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‘The more you get paid, the more you need to deliver’

Whilst different external and environmental factors can increase legal salaries, legal recruitment partner Alison Crowther said that this doesn’t often come for free.

user iconLauren Croft 12 October 2022 Big Law
‘The more you get paid, the more you need to deliver’
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Speaking recently on an episode of The Lawyers Weekly Show, produced in partnership with Empire Group, where she’s a partner, Ms Crowther spoke about legal recruitment trends she’s currently seeing — and how these differ in different jurisdictions along the Australian east coast.

Empire recently released its 2022 legal salary guide, which the company puts together every year. The group looked into three jurisdictions: Brisbane, Sydney and Melbourne.

“One of the things that I think that I’m facing, because I work in Brisbane, so I can probably talk about that with the most knowledge, is that, not the junior lawyer level, but that kind of mid-level; there’s just really a real need in that level, but a real lack of people wanting to leave,” she said.


“So, I think there’s definitely, in that space, there’s really a lot of people who would be saying, ‘What’s the point of moving? I’m not moving for 5k. I’m not moving for 10k. I might consider a 25k uplift, but not for something minimal.’ So, that’s driving salaries in that space up, to actually get people to consider that move. So that’s one of the things I’ve seen, and there is a real lack of people at that level.”

In addition, different external and environmental factors can have an impact on salary trends, particularly projects leading up to the 2032 Olympic Games.

“Obviously, there’ll be a lot of infrastructure. There’ll be a lot of government projects. There’ll be projects that will come out of that, and that will definitely drive that in the city. So, that’s a positive; that’s a great thing for Brisbane. Brisbane’s continuing to grow. Property prices, we’re starting to come up to match the rest of the country, and I think salaries here are increasing,” Ms Crowther explained.  

“They are still a little behind the southern states, but I think the gap is getting a little bit less, which is good to see. And, of course, there’s still quite a number of candidates that live here but work in Sydney. There is that, and that does exist, and more and more candidates are actually doing that as well, and maybe moving to the Gold Coast or the Sunshine Coast because what a great place to live. If you can live there, get a Sydney salary and just do a couple of commutes, that’s not a bad situation to live in.”

In terms of the Sydney market, it has been quite a “candidate-short” period, as lockdown drove a dry market, according to Ms Crowther, who said a number of private practice lawyers also looked at in-house roles.

“I think anyone who changed jobs in a lockdown, five stars for attempting that, because I think it’s probably one of the hardest things that you would ever do in terms of joining a new company where you can’t actually physically often meet people. So, I think that drove the market to be a little bit quiet,” she noted.

“I [also] think sometimes candidates have this perception, ‘If I go in-house, I will be able to leave work every day early, and I’ll be less stressed.’ And sometimes that’s not always the case because in-house can be less-resourced, broader experience required, potentially also working in areas of law that you haven’t before.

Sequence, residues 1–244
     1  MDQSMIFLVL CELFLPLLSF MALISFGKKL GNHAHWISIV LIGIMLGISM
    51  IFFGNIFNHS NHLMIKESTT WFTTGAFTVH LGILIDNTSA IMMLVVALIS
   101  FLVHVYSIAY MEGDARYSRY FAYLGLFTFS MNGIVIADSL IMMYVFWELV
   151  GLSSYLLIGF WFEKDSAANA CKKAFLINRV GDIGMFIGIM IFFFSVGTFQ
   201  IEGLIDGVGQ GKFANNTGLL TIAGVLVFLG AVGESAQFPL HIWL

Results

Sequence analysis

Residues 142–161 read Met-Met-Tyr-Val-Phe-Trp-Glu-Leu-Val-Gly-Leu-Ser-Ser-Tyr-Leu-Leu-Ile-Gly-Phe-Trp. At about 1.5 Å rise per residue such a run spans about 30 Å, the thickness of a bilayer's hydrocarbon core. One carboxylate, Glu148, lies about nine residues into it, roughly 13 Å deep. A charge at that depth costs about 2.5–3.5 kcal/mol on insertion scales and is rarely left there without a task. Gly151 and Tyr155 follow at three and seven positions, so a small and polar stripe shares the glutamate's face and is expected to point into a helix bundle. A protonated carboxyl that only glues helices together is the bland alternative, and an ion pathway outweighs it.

“So, it is a skill to go in-house, and it is a little bit different than being in private practice, and it doesn’t necessarily mean that you will always do less hours. In fact, I think I’ve seen in-house teams now be under more pressure and probably putting out more work from an in-house team than they ever have before.”

Similarly, the Melbourne market also experienced a downturn as a result of increased lockdowns, with a lot of young lawyers moving to other markets.

“I think a lot of young lawyers that might have moved to Melbourne for a great opportunity, ended up in a one-bedroom unit on their own working in a lockdown that was just incredibly lengthy, probably high-tailed it out of Melbourne and went back to either Sydney or Brisbane. But I think Melbourne’s starting to rebuild itself again now, and with that goes exactly what we’re seeing in the other regions. There are still those shortages; salaries are increasing,” Ms Crowther added.

“The other observation I’d make, and this is probably more for junior lawyers as well. But if you go from earning 85k to 90k, let’s say, as a junior, and you join and you get an uplift to 121k, 125k, and it’s Christmas, because that’s a nice increase for anyone, [but] there’s going to be that increased pressure to be able to return at that salary level. The more you get paid, the more you need to deliver. It’s not just a gift. It’s something that you’re getting because they’re going to need you to return that to the firm.”

However, in terms of whether the Sydney and Melbourne legal recruitment markets are in for a rebound in the coming months, Ms Crowther said that it’s a fairly hard trend to predict.

“In some ways, it is hard to predict. But I think anytime where you are held back from doing whatever you need to be doing, and businesses being held back, there’s always going to be that resurge [sic]. It’s like being set free, isn’t it? That we can now go hard at this and we can do this,” she added.

“And the market, it is really coming at everyone. There’s opportunity everywhere. There are definitely firms that are struggling to meet the work that’s coming through the door because of lack of resources internally. So, I can’t see that changing. I see that continuing.”

The transcript of this podcast episode was slightly edited for publishing purposes. To listen to the full conversation with Alison Crowther, click below: